All thread authors are considered to be the initial Games Masters (GMs) of their scenarios. They should make an effort to include, at a minimum, a story, and rules in the first post or first few posts of the thread. They usually set the scene, guide players during its course and make decisions as to the outcome of the game. These authors may relinquish their right to the thread and game therein if they appoint another person to act as the GM of their RP/thread, or if the initial GM is away for an extended period at which time a new GM is appointed by group consensus.
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General Roleplaying Guide

Post by Admin on Sun Nov 29, 2015 8:39 am


If you're just starting off and you're unsure as to how to roleplay, don't be afraid to ask some of your fellow players for advice and/or tips. I'm sure that most, if not all, would be willing to take some time out to help someone in need.

Good roleplayers are made, not born. Just because someone else might be better than you at roleplaying, it doesn't mean you can't do the same thing. With time and effort becoming a veteran roleplayer is quite an easy task.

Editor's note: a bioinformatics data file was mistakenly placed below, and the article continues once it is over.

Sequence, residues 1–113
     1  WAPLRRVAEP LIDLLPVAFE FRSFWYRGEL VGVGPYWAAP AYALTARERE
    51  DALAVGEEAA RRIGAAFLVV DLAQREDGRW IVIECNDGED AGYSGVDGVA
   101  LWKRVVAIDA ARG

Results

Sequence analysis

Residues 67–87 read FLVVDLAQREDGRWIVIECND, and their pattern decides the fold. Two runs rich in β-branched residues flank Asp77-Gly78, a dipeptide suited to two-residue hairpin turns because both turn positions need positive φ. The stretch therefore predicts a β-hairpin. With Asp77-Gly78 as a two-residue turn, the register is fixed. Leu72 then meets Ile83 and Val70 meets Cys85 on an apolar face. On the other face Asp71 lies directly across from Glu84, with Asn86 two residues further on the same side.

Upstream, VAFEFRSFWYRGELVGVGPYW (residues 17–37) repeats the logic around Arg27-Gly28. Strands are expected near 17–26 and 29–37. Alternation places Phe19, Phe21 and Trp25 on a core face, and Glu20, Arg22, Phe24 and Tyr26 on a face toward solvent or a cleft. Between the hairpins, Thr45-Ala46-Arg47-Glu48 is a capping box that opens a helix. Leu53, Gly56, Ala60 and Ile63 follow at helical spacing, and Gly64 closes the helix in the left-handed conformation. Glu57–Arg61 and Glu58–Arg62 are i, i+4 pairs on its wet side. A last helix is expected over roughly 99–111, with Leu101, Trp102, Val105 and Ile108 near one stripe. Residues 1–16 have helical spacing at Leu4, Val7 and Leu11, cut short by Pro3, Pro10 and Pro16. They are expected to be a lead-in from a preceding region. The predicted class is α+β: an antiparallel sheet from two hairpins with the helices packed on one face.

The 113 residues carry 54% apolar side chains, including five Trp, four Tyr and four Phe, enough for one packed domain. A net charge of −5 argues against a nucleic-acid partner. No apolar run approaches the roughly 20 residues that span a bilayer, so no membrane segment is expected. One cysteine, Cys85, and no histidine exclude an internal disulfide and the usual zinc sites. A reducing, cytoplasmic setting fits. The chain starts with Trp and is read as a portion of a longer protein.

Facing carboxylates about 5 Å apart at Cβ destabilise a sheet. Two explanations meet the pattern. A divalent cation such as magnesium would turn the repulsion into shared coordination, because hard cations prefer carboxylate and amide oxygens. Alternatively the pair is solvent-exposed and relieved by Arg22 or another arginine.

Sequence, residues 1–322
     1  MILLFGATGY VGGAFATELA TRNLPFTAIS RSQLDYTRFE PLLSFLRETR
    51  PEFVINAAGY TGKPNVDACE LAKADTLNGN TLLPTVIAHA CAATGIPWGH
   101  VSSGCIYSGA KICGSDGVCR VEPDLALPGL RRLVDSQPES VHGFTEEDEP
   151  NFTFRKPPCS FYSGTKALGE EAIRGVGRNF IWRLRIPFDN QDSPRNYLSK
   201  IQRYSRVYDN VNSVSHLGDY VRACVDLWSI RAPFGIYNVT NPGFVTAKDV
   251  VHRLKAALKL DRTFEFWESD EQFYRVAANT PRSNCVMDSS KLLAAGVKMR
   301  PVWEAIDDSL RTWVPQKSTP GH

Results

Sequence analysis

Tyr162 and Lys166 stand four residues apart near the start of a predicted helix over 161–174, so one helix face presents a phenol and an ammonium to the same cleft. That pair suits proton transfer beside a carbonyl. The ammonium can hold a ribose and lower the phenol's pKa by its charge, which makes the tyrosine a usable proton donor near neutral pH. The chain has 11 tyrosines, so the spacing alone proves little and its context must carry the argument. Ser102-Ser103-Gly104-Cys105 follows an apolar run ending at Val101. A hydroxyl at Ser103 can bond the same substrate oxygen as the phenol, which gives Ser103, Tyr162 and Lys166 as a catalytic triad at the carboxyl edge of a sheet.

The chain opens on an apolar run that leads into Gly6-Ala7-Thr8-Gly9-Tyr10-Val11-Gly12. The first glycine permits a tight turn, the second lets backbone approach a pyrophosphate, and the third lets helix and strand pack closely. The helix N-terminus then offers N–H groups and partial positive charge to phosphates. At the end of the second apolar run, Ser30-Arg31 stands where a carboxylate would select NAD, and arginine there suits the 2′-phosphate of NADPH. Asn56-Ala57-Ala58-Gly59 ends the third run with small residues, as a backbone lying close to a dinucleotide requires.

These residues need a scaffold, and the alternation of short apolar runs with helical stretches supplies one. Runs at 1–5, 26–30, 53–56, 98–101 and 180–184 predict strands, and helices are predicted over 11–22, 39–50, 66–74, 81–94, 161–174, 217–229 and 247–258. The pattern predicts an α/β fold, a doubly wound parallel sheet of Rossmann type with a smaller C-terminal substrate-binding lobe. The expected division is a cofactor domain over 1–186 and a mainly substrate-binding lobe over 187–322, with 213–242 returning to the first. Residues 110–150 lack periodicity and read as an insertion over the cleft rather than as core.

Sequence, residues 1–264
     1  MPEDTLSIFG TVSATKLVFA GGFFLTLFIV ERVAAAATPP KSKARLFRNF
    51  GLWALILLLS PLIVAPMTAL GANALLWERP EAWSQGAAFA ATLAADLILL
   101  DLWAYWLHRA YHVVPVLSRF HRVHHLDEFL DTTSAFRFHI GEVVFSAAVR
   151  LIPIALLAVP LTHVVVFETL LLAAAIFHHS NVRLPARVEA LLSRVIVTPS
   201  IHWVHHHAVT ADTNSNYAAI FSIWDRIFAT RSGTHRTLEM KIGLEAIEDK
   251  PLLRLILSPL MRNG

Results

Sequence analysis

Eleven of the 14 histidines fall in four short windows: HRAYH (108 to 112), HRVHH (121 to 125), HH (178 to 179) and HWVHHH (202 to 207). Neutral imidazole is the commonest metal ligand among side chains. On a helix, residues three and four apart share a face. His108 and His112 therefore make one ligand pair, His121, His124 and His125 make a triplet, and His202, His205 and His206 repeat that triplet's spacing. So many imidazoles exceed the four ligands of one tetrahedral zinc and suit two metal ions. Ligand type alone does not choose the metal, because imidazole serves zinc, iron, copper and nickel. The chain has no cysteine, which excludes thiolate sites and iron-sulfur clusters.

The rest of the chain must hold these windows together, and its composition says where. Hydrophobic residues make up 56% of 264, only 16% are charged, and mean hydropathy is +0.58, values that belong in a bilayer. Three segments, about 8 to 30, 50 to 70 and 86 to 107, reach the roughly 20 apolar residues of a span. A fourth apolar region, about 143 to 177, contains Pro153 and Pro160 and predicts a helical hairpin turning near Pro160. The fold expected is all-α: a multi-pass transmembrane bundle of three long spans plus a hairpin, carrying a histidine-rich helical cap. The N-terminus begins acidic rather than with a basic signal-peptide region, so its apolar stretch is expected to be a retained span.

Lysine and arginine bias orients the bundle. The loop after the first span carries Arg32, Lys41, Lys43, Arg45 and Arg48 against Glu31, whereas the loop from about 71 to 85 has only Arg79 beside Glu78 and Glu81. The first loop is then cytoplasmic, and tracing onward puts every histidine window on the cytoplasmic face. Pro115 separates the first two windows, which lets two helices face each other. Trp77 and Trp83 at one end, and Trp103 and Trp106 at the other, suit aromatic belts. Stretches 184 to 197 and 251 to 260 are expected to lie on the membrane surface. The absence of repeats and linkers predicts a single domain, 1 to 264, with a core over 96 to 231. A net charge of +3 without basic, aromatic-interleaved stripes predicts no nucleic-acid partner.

Don't be intimidated by your fellow roleplayers. Watch and learn from them. They can often teach you more than you'd be able to learn if you were alone.

Never give up. While in some cases there might not seem to be solutions, facing defeat is something you'll deal with sooner or later. It's how you deal with that which is important. You always have the option to make a new character, join a new thread, a new faction and/or learn from the mistakes you've made in the past.

One of the most important pieces of all, is to remember it is an RP. You are there to have fun and to interact with other characters and players. Don't take things too seriously and remember to always enjoy yourself.

Feel free to ask questions, give suggestions, agree, disagree, whatever on the information provided in this guide.

WHAT IS ROLEPLAYING?

From souls.acetonic.net:


The dictionary definition of roleplay is "to assume or act out a particular role." Roleplay is, basically, assuming the form of a character, and writing as that character, in a certain setting. It's writing, but more/less structured, depending on how you look at it. When you set to write a story, you must write the setting, the plot, the characters, everything. When you roleplay, the setting and main plot has already been decided, as well as every character but your own. You have control over only half of the story, your own side. The other half is up to the other players. This strengthens interaction skills.